We got to Union Square at 7:45 a.m. today to see Sukkah City, an astonishing display of innovative, radical and imaginative takes on the sukkah unlike anything we've ever seen in Williamsburg, Crown Heights, Borough Park or Miami Beach
- and way more interesting the sukkahs we've been in, like the one from our childhood at Flatbush Park Jewish Center in Mill Basin; the one from the 1970s outside Whitehead Hall at Brooklyn College; the one we saw in Fort Lauderdale outside the law school at Nova Southeastern University, where we were an administrator for years;
or the primitive but functional one we helped Rabbi Elena Kanter and students build in 2005, when we taught at Jess Schwartz Jewish Community High School on the grounds of Temple Chai in Phoenix.
Over 600 designers in 43 countries, entered the competition to create a new kind of sukkah, and setting up at Union Square this morning were eleven of the twelve finalists selected by a distinguished panel of judges. (One finalist, P.YGROS.C, by the Brooklyn architecture and design practice THEVERYMANY, fell apart trying to get here on the BQE.)
Some of the Sukkah City sukkahs were already in place when we got out of the L train, but others were still being constructed by the teams who designed them.
All the entrants had to conform to the requirements of the sukkah structure laid down in Jewish law (though as secular atheists, we're not sure if the rules are stricter the more frum you are).
In the brochure, the Sukkah City people wrote:
The sukkah invites us to think, to feel, and to remember. It asks us to confront the impermanence of our lives, to reconnect with an agricultural past, and to experience for a week what it means to live without a solid roof overhead.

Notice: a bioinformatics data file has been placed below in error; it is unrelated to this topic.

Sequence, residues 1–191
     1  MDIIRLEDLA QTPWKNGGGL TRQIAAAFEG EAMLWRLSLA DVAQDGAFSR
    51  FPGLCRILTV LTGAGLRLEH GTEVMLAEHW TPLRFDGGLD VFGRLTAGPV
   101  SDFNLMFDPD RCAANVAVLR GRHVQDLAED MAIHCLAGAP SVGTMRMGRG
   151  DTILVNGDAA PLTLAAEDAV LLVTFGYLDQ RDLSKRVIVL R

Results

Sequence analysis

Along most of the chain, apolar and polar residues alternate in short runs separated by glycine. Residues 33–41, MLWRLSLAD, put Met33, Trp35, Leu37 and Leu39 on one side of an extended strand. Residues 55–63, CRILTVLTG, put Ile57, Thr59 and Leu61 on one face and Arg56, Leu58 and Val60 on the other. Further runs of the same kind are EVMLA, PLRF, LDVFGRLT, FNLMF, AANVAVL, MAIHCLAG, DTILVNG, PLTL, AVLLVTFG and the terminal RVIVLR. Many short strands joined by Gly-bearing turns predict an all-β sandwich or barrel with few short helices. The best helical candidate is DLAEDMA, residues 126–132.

So you don't put up a mezuzah on a sukkah doorpost, we're guessing. Maybe because there isn't a doorpost?
These sukkahs had names like "Star Cocoon," "In Tension," "Fractured Bubble," "Log," "Sukkah of the Signs," "Time/Timeless," "Shim Sukkah," "Blo Puff," "Repetition Meets Difference," "Gathering," and "Single Thread"
- all of them created by brilliant design firms or individuals. You can learn more at the Sukkah City website and vote for your favorite at New York Magazine, although you really need to see them in person because the representations don't do justice to the real things in Union Square, which will be gone soon.
In keeping with the themes of the sukkah, these structures will be auctioned off by Housing Works, with all proceeds supporting homelessness initatives in the city. Thanks to the folks who developed Sukkah City, and there's going to be an even bigger Sukkah City 2011, we hear.